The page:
4

"Why would I want to set this field?" Because you're a good relay operator and therefor you don't "know" your relays are "clean" with certainty [sufficiently advanced stupidity is indistinguishable from malice...] Even if you were arrogant enough to believe that they were "clean" [absence of evidence in not evidence of ...


3

I'm no expert, but here's what I know: Guards/Relays If an adversary sets up multiple relay servers around the world, all they would get is a bunch of encrypted traffic. In fact, they'd actually be helping. According to the Lifecycle of a Relay, it could take up to 68 days for a new Guard relay to see any meaningful traffic. Even so, the adversary would ...


3

Think about this instead from the perspective of the Tor Project. Say you're a dev and you notice that a bunch of nodes that appear to be operated by the same person, but they aren't grouped together in a family. It's possible this is an accident, but it should also throw up a red flag for you because it may be an intentional ploy to deanonymize users - so ...


2

There are multiple practical reasons where five ORs of bandwidth X MB/s each could be superior to one OR of bandwidth 5X MB/s. There are some restrictions and exceptions to this point in general. This list is not meant to be the comperhensive list of all possible advantages and/or disadvantages, but give you enough clues to get the idea. Let us start and ...


1

From: Top changes in Tor since the 2004 design paper (Part 2) Bandwidth Authorities Of course, once you choose nodes with unequal probability, you open the possibility of an attacker trying to see a disproportionate number of circuits -- not by running an extra-high number of nodes -- but by claiming to have a very large bandwidth. For a while, we tried to ...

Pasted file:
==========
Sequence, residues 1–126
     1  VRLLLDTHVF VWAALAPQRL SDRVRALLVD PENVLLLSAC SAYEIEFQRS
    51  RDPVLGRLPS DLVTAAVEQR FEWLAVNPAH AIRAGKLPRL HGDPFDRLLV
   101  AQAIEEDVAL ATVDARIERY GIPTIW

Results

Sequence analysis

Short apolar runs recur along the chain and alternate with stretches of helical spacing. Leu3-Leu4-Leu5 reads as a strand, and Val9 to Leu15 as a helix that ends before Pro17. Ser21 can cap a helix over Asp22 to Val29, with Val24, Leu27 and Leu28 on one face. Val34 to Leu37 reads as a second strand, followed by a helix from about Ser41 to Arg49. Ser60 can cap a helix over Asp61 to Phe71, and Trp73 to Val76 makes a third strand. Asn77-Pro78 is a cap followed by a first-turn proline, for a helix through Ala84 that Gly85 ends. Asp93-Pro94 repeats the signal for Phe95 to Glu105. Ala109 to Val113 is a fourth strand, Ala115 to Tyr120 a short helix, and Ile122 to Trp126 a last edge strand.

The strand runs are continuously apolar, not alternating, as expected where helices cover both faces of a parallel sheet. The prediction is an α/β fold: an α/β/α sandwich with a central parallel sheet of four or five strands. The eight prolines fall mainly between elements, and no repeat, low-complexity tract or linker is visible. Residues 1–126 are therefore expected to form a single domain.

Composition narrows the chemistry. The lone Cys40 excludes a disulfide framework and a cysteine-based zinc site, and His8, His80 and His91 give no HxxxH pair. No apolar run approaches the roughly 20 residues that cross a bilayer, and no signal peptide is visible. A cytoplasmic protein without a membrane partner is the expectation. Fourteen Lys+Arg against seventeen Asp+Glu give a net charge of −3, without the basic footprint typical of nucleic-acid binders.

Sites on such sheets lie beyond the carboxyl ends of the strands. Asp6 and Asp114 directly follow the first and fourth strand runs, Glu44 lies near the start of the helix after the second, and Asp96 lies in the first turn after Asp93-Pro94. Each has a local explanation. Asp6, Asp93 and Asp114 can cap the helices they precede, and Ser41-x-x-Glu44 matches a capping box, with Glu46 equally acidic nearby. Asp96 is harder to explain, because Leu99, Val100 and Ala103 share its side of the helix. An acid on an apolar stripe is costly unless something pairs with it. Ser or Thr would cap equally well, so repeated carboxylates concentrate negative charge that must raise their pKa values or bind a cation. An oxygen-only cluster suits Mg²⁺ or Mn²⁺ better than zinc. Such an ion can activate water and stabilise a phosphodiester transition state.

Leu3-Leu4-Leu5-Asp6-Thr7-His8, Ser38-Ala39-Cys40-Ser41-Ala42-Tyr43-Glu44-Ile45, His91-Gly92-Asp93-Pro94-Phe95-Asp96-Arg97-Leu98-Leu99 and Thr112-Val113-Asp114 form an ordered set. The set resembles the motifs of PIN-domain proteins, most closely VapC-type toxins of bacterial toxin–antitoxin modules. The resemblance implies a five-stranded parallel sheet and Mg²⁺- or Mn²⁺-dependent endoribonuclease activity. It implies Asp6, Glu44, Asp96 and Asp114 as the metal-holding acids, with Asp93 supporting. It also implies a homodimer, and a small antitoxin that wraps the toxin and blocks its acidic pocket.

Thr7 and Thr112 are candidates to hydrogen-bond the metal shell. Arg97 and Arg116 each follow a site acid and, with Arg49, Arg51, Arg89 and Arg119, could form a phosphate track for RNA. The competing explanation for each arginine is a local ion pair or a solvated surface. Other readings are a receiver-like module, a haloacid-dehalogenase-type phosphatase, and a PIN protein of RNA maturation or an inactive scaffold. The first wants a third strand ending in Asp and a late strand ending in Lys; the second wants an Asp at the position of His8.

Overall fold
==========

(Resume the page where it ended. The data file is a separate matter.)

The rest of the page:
1

Only the Guard node would ever see your IP. The exit node would not see it and the middle node would not see it and the Guard node does not cache it in any way. Furthermore your connection changes every 10 minutes and most of the time each hop is in another country. The police would have to break Tor encryption multiple times through multiple servers in ...


1

As already commented, there are only three relays a normal circuit goes through. The exit relay obviously knows it is the exit - because it is asked to make a connection to the outside world. For middle and entry nodes, it is not as clear-cut, but still pretty easy to figure out in most cases: If the connection comes from a known Tor relay IP address, most ...


1

I think it is important to continue to spread the word. I can see my peers opening up to Tor after they understand it is not 'just for criminals' but serves a greater purpose for everyone. My way of helping is to run my own relay, even though my bandwidth is not very high, and to use it as my own entry point. I believe this helps my browsing be more secure.


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